Monday, 25 August 2014

"keeping it in the family": the issues that can arise when family members work in the same psychiatric settings

I believe there can be problems with family members working in the same psychiatric setting as nurses or managers (or doctors although that is likely very rare) eg father and son, mother and daughter, husband and wife etc.  

Because if a patient or carer raises concerns or a complaint about the unprofessional behaviour of a nurse or manager then this can impact on future care and treatment of the person.  Especially if a culture of intimidation and abuse already exists in a psychiatric hospital.  

For example.  If a nurse in an acute ward was involved with an incident of restraint on a patient which resulted in the patient being injured and transferred to the locked ward where his wife worked as a nurse, then the treatment of that patient and their carer might be compromised.  

I suppose it is understandable that a person will want to protect their family member.  I know what that is like.  However, in my opinion, there is no justification for dehumanising treatment and using force, for bullying mothers and carers, for denying basic human rights to psychiatric patients, for using locked seclusion rooms with no toilets or drinking water. 

Clinical managers in psychiatric settings where there is a history of family members working as nurses or other professionals have to be extra vigilant to ensure that complaints about practice are investigated independently and thoroughly.  It also should apply where clinical managers themselves have family members working in the same medical discipline and geographic area.  

I believe that comprehensive feedback processes and procedures will help with transparency so that all patients and carers can speak openly and truthfully about what their inpatient treatment was like without fear of repercussions.  Like customer feedback in other settings.  

The Patient Opinion website can help with this, in my experience.  Although it's only a start.  All health boards should have their own feedback systems and complaints processes that make it easy for people to give positive and negative feedback on their experiences of NHS services.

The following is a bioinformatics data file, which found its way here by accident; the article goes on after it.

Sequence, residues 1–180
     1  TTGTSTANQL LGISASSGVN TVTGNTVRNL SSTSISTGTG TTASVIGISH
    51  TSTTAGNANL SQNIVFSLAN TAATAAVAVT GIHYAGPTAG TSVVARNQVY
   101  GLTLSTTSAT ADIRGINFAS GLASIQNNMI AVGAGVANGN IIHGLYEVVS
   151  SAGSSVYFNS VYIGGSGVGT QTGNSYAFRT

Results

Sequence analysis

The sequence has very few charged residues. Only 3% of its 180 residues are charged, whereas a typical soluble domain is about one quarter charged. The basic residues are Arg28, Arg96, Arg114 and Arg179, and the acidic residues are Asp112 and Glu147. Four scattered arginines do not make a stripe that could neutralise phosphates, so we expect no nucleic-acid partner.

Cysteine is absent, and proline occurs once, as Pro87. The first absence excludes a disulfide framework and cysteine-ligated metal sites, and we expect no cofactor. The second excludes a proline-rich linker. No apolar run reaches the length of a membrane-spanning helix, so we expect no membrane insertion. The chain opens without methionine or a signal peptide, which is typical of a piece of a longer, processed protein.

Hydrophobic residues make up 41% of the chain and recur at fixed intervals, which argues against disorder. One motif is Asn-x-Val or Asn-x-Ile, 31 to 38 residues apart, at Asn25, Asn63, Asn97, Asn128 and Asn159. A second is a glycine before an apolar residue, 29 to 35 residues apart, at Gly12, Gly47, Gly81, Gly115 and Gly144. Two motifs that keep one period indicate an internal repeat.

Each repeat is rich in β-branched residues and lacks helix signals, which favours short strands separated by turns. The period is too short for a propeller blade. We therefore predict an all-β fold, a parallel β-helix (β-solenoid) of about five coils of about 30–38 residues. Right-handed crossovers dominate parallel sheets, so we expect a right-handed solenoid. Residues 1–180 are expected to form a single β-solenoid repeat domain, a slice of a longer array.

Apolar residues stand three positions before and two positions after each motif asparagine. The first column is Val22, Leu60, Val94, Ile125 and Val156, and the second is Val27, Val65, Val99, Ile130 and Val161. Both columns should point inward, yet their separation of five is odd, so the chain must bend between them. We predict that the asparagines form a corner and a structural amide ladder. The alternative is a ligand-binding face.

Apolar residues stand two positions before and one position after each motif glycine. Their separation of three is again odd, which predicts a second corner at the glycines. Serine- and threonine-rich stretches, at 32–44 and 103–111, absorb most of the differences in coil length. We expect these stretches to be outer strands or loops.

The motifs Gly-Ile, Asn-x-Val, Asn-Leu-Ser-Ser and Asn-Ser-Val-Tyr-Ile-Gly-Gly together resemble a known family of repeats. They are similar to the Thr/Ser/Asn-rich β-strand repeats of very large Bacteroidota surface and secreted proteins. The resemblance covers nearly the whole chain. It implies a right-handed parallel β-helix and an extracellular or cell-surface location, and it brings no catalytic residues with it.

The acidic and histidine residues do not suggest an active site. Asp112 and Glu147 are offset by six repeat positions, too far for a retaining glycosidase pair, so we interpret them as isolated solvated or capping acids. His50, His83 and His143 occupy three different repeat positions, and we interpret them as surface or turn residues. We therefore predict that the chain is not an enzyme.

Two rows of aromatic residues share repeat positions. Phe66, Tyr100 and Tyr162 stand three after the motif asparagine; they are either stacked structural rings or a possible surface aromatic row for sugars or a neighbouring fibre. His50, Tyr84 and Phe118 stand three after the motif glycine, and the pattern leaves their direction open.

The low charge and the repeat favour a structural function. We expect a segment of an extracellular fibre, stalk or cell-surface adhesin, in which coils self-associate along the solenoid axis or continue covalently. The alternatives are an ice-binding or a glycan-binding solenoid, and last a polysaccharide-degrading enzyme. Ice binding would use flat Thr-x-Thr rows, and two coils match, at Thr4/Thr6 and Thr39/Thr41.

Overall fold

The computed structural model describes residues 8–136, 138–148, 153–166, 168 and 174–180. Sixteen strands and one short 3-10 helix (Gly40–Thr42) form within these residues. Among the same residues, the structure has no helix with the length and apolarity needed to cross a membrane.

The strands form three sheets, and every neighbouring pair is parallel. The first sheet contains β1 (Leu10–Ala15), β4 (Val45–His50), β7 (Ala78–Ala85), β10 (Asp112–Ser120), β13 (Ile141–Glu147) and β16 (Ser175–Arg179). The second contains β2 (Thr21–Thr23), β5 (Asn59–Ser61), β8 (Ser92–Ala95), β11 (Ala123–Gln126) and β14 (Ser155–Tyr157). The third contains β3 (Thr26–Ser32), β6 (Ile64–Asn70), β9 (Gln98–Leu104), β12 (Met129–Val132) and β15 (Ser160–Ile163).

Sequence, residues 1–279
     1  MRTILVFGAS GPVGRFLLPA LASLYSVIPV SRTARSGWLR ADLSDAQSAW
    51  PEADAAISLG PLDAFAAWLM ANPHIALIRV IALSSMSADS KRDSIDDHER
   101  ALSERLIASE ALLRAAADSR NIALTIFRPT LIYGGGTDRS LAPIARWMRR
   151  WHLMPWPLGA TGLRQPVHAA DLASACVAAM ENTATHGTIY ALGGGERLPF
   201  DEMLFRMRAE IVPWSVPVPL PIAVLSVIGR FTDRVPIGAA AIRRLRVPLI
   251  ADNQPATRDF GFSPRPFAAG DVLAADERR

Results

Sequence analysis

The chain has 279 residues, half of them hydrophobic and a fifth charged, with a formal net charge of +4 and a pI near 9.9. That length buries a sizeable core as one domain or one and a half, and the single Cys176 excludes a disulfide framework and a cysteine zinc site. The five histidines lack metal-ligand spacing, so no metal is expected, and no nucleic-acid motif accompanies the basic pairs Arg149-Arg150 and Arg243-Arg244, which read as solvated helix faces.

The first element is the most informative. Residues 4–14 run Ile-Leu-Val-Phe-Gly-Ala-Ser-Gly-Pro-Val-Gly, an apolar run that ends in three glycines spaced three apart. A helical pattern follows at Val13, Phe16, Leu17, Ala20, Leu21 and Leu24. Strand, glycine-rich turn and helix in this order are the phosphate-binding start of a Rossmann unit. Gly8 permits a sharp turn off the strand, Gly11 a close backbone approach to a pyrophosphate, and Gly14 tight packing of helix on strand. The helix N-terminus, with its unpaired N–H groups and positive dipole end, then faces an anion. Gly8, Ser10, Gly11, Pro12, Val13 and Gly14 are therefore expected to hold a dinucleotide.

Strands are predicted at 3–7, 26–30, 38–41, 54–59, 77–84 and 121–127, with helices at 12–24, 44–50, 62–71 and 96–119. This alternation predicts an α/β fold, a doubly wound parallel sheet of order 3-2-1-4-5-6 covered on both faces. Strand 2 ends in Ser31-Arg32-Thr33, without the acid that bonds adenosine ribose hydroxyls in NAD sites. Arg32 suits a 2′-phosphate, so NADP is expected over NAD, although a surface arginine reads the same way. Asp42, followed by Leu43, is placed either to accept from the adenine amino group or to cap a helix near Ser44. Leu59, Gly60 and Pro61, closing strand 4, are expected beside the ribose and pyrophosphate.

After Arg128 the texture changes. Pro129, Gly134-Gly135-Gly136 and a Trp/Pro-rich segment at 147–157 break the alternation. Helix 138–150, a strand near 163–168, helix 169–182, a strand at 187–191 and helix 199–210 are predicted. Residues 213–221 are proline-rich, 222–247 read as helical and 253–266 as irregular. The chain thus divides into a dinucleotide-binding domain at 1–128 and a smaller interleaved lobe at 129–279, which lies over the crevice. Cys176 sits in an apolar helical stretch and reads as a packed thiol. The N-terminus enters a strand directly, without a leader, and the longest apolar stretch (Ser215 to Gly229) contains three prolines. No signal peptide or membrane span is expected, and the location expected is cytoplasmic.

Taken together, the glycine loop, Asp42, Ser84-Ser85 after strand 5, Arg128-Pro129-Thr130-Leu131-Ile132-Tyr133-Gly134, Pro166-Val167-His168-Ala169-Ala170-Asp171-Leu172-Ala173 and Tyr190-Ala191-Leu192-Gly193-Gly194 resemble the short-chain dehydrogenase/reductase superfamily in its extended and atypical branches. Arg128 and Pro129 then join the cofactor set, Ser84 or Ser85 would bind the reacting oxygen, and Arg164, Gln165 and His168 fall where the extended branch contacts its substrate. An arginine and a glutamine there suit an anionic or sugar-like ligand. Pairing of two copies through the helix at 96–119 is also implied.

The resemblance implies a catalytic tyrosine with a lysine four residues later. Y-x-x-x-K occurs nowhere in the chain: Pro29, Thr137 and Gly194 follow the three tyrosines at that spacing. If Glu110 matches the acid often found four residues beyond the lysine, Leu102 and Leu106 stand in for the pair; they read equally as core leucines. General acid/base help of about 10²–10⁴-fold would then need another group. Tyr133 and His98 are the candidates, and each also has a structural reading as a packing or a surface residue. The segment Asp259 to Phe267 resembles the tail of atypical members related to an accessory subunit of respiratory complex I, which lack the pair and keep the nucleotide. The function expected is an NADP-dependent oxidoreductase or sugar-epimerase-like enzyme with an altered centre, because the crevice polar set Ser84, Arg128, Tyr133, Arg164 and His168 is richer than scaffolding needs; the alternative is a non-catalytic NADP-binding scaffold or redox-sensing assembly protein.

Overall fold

This is particularly important in psychiatric and mental health services where people can be compelled and coerced to take treatment, against their will, under law.  Where phrases like "non-compliant" and "without capacity" can be used to justify the use of coercion and the denial of a person's wishes, even if written previously in an Advance Statement which is not a legal document.

Independent Advocacy is another important safeguard under the Mental Health Act which unfortunately, I think, has lost its power and is a postcode lottery, in terms of whether a person can access good quality advocacy when necessary or can only get a tokenistic service, 9-5, Mon-Fri, with workers on low wages, managed by a service provider, paid for by statutory monies.

Another safeguard is the Mental Health Tribunal but in my experience this has been weighted in favour of professionals and is rarely won by patients and their advocates.  To win a case requires a good solicitor, supportive carer and an MHO who is on the side of the patient.  The latter is also rare, in my experience.

However despite the MH Act appearing to be more of a tool for the professionals rather than a protection for the people labelled with "mental disorder", and respect for their carers, I will continue to speak out and have a voice, to bring about balance, for the sake of justice.

"There will be justice ... when those who are not injured are as outraged as those who areThucydides

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